On Doing The Right Thing

Upon his return to the U.S. from his European exile in 1812, AB found many shoulders he’d once rubbed against with industry had turned frightfully cold.

One such man, an old college classmate, had been someone who’d called himself a friend of AB for what seemed a lifetime. AB dashed off a note announcing his return, requesting a meeting. The self professed “friend” replied in a manner that revealed his awareness of the social-implications of association with AB at the time. With clear dejection, AB made this diary entry on the episode:

“When a man takes time to consider whether he will do a good or civil action, be assured he will never do it. The baser feelings, the calculations of interest and timidity, always prevail…”

The reply from his friend made the attempt at feigning the illusion of continued friendship and consideration of the request, but AB was right, the “Friend” never followed-up.

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Published in: on December 11, 2013 at 7:54 pm  Leave a Comment  
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As a Father

From Letters to Theodosia, his only surviving child by Theodosia Prevost-Burr

“My property, our home with all of its baubles, mean nothing to me, and whatever honors I have won in this world are empty. You are my only true treasure, and in you is the distillation of all that is pure and noble in your ancestry. Live your life to the full, and beware of giving your heart prematurely, for I will not consent to the gift of your hand to any man who is not worthy of you.”

“You know that you and your concerns are the highest, the dearest interest I have in this world, one in comparison with which all others are insignificant.”

“My letters to others are always ready; but toward you, a desire to say something at the last moment; a reluctance resembling that of parting – but all this you know and feel.”

“What book shall I buy for her? said I to myself. She reads so much and so rapidly that it is not easy to find proper and amusing French books for her; and yet I am so flattered with her progress in that language, that I am resolved that she shall, at all events, be gratified. Indeed, I owe it to her.”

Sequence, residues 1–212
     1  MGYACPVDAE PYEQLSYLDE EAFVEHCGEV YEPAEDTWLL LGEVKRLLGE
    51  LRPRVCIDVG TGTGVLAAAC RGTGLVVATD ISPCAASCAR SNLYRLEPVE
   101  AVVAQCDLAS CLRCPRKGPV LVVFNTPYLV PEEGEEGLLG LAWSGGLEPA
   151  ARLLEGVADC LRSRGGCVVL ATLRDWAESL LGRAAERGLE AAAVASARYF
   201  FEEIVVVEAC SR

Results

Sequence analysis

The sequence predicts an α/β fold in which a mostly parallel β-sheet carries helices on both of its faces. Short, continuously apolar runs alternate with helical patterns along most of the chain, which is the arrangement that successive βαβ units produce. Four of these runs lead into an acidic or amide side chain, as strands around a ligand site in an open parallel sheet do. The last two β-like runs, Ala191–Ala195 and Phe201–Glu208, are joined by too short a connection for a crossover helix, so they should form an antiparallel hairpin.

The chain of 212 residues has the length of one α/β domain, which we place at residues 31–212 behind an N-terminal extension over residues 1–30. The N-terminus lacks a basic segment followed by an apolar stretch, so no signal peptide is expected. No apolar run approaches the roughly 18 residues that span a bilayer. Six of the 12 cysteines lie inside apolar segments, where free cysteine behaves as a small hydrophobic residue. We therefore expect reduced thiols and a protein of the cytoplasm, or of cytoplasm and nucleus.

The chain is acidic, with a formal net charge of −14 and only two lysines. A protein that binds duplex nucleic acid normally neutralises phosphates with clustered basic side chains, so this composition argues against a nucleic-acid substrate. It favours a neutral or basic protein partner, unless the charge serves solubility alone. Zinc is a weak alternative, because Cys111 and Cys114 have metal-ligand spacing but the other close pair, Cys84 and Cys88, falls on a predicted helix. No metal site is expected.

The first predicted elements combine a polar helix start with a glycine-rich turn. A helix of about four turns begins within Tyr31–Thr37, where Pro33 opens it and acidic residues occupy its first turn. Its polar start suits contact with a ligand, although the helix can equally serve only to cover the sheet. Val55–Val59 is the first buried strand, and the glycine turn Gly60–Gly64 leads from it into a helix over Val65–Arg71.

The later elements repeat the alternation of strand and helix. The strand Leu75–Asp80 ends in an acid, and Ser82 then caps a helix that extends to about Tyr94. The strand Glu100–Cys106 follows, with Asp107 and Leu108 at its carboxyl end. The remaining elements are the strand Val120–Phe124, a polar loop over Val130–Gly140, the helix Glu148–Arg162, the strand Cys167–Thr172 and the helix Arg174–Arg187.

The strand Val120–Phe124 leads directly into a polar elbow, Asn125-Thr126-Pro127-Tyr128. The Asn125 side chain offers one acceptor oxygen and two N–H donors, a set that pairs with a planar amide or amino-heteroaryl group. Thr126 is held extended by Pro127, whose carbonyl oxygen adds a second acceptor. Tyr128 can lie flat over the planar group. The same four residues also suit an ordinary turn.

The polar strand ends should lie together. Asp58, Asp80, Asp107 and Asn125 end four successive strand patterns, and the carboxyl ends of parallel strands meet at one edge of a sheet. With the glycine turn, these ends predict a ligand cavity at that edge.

“I really think, my dear Theo., that you will be very soon beyond all verbal criticism, and that my whole attention will be presently directed to the improvement of your style. Your letter of the 9th is remarkably correct in point of spelling.”

“I continue the practice of scoring words for our mutual improvement. The use, as applicable to you, was indicated in a former letter.

I am sure you will be charmed with the Greek language above all others. Adieu.”

“Your little letter from Alexandria assured me of your safety, and for a moment consoled me for your absence. The only solid consolation is the belief that you will be happy, and the certainty that we shall often meet.”

On Transparency in Government

In 1799, NY Senator Burr debated the virtue of an amendment designed to prohibit naturalized citizens from obtaining elected office.

“America stood with open arms and presented an assylum [sic] to the oppressed of every nation; we invited them with the promise of enjoying equal rights with ourselves, and presented them with the flattering prospect of presiding in our councils and arriving at honour and trust; shall we deprive these persons of an important right derived from so sacred a source as our constitution[?]”

As a Chivalrous Man

“…when a lady does me the honor to name me the father of her child, I trust I shall always be too gallant to show myself ungrateful for the favor!”

Published in: on April 30, 2009 at 4:47 am  Leave a Comment  
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On His Critics

After his acquittal for treason, he lived a life of an outcast, constantly tarnished in the press and dragged through the mud. He rarely, if ever, made public statements defending himself or his actions. (He mistakenly thought his “friends” would do that for him…)

“What a lot of rascals they must be, to make war on one whom they do not know; or one who never did harm or wished harm to a human being! Yet they, perhaps, are not to be blamed, for they are influenced by what they hear.”

Published in: on March 5, 2009 at 5:09 am  Leave a Comment  
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As a Realist

Aaron Burr’s wit and wisdom live through the ages. He called it like he saw it and was a great friend of irony.

“Every man likes his own opinion best.”

“I learned in the Revolution, in the society of gentlemen, and I have since observed for myself, that a man who is guilty of intentional bad manners, is capable of crime.”

Published in: on February 27, 2009 at 12:48 pm  Leave a Comment  
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